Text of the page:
Kazu

Violão de sete cordas buying tips?

17 posts in this topic

Hello,

I would like to purchase a violao de sete cordas. Probably i would go for a costum made model. Problem is that i am not fluent in portuegese and most website by the luthiers i searched for were only in portugese language. I have a bit of knowledge on flamenco guitars, since their is a big english speaking community but i am not to solid in the brazilian scene. I like the sound yamandu costa has, snappy with lot of depth on that 7th string. Could somebody maybe name me a few of the top luthiers in terms of violao de sete cordas. I only know jao scremin and jm santos.

Greetings Lars

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Lars, there's no need to buy one from a Brazilian maker. Unlike the flamenco guitar, that has some specific types of wood, short sustain and percussive sound, the Brazilians use a standard classical guitar. 90% of the makers all over the world can build you one. In fact, Yamandu's current guitar was built by a Canadian luthier. :)

In Brazil, I'd suggest Antonio Tessarin, Sergio Abreu, Jorge Raphael or Lineu Bravo, they all have a good reputation for building 7-string guitars.

Again, it's no different than a classical guitar, you have to choose the woods, the internal bracing system (fan vs lattice), tuning machines, etc. Prices can also vary significantly depending on the maker.

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Thank you very much Eugenio.

What are your thoughts on buying the Yamandu model by Will Hamm? I really like the sound Yamandu has but I can really imagine that it all comes from his perfect playing. I bought a 7 string in Febuary by Rozini but I did not like it at all. The sound was somehow very flat and it was not very playable, action seemed to be very very high.

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Rozini is a basic guitar, typically meant for beginners. At best, it's a very "iffy" choice.

I don't have an opinion about Hamm's guitars except that they look nice. And you're right, what you hear there is Yamandu's sound, he also sounded pretty much the same when he played a Munhoz, a Tercio Ribeiro and a Pappalardo. :)

In Brazil, Tercio Ribeiro is another name with a great reputation, he's the luthier who learned directly from Mario Passos, the guy who built Rabello's last few 7-stringers.

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ok thanks. Well it is quit difficult to do the right choice considering the amount of money. As far as I know Rabello played a Ramirez 1a from 1969(or so) and a 1a from 1988 and wanted Passos to finish a guitar based on that 2 with an additional String.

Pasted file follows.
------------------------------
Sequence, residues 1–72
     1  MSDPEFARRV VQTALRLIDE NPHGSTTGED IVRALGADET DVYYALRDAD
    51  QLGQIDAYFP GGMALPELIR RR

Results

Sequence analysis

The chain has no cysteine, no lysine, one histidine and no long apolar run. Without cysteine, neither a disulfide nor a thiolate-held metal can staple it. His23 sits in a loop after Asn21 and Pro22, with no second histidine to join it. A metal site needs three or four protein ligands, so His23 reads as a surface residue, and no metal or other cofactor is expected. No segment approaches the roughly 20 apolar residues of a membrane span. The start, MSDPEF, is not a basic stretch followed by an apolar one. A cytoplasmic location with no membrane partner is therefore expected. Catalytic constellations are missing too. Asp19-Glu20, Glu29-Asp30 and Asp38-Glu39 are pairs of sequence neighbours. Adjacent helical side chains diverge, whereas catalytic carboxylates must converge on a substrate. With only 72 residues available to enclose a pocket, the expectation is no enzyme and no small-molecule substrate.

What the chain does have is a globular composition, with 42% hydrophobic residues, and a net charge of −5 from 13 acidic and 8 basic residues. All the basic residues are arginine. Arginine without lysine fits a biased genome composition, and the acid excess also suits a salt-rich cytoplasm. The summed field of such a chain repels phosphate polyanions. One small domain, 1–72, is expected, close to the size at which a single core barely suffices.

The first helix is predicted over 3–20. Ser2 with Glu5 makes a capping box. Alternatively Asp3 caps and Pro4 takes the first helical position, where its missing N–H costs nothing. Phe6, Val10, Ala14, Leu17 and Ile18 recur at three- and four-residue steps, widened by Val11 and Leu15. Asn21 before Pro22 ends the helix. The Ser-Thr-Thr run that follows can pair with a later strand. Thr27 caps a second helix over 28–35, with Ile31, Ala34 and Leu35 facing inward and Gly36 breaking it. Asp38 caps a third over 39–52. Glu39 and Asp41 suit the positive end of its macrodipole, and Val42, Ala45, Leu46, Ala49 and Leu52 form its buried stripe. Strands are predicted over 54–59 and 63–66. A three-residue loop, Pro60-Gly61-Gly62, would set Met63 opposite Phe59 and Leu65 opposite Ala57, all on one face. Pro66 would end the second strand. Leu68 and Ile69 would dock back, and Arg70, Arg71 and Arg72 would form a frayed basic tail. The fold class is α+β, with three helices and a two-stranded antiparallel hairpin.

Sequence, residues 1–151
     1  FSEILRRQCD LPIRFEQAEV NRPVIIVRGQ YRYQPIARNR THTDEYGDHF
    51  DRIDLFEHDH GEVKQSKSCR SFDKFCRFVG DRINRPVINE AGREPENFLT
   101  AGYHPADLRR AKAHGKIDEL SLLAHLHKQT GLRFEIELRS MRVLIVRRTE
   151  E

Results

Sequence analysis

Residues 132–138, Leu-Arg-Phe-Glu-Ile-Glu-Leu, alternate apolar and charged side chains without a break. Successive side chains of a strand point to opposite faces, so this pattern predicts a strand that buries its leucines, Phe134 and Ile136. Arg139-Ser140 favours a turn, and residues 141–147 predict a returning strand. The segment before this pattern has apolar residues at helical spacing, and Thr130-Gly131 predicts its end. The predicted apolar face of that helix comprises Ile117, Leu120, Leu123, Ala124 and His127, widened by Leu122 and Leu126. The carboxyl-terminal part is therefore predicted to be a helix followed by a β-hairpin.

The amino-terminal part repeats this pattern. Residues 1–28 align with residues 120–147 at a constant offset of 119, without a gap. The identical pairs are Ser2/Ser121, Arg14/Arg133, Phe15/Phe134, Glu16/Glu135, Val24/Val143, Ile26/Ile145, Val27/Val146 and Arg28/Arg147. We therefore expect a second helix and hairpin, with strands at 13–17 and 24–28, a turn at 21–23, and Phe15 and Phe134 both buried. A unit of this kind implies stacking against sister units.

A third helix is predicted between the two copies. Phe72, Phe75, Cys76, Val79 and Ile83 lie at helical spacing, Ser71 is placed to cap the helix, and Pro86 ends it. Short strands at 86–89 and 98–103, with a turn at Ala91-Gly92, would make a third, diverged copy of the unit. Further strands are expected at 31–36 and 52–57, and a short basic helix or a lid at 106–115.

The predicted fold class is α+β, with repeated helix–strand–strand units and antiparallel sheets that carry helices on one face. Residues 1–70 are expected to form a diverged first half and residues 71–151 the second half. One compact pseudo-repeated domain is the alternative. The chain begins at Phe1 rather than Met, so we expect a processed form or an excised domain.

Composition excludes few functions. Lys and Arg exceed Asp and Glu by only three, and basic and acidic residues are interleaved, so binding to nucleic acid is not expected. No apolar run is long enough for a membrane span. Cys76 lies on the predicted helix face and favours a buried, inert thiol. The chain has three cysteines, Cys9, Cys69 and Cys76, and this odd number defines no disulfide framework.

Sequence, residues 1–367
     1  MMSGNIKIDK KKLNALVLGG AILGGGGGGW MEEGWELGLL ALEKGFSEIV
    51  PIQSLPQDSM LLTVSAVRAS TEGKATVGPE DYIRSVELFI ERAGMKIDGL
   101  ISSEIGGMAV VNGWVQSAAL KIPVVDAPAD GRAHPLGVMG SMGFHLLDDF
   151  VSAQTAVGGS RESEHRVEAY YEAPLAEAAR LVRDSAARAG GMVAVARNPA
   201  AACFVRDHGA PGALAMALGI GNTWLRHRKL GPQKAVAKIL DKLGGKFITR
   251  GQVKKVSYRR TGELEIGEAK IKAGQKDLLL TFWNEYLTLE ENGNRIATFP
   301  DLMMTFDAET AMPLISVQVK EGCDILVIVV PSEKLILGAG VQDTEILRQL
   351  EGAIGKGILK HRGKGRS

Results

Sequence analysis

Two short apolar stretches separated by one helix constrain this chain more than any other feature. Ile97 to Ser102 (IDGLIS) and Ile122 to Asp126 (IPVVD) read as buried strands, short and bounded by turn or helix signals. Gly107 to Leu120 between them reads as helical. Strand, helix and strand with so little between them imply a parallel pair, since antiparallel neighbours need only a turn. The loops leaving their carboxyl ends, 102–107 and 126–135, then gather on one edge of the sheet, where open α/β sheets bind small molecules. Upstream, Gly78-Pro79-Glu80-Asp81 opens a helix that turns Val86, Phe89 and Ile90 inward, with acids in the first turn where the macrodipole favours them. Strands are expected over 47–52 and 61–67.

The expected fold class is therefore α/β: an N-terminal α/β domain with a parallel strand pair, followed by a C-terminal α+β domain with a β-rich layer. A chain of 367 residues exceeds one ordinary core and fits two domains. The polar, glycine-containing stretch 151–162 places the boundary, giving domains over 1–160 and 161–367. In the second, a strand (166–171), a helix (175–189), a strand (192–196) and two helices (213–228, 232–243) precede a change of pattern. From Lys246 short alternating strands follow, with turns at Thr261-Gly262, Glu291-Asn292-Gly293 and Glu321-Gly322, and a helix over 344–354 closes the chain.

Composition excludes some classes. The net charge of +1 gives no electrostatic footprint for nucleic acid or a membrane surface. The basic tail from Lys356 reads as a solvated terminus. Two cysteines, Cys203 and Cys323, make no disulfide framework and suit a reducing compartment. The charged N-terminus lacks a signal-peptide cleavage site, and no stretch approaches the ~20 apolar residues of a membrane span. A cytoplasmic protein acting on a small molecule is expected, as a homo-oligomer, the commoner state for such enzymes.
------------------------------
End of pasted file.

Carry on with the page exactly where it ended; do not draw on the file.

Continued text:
I will maybe go with the hamm model ,lets see how much he wants.

Edited by Kazu

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Yes, you're right, the 6-string guitars were made by Ramirez, the 7-stringers were built by Mario Passos to be as close as to the Ramirez sound and character as possible.

Budget is always a constraint... :cold:

If you'd like to contact any of the Brazilian luthiers I listed, please send me a private message and I'll be happy to give you the emails. They are all able to communicate in English.

Expect a wide variation in price range. If you decide to go with a Brazilian maker, one thing that you'll probably need to change in the long run is the tuning machines. Most Brazilian makers use Schaller, they're not bad, but there are better ones at a good price point, it's just that Schaller dominates the market in Brazil.

You'd also have to ask for older woods and for your guitar to be conditioned to 40% humidity.

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I wrote an email to will hamm and he answered very fast and told me that the guitar with a 640 mm scale cedar top and indian rosewood will cost 12000 usd :icon_eek:. That is one of the highest prices i ever saw a luthier offering. I am really not willing to spend that much money, even if i would have it. I doubt that the cedar is from the garden of eden. I will max spend 4k, I mean you somewhere you get to the point where you realize that your are buying an rather small instrument and not a car or high tech computer.

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Oh my God, 12k on a guitar is a lot of money. I was very reluctant to pay 2k on mine, but I have no regrets. But I find hard to believe that another guitar would 6 times as good as mine. But maybe I'm talking out of my own ignorance and shallow pockets!

I remember hearing a while ago that Brazilian guitars are prone to cracking during winters or dry seasons, is that true at all?

Edited by Dan

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I'm more surprised at the 640 mm scale than at the price. I don't how renowned he is at this point but most famous makers are above the 10K price point.

But make no mistake, even in Brazil you won't find too many makers in the 4K range anymore, especially after including shipment and some other incidental expenses such as insurance and maybe customs.

Have you considered buying a used guitar or you're really into buying a brand new one?

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No i would buy a used one too. But here in Europe you do not find these usualy in good quality. Rather cheap guitars at 300 euro range. In local guitar stores here in berlin, nobody has what i am searching for.

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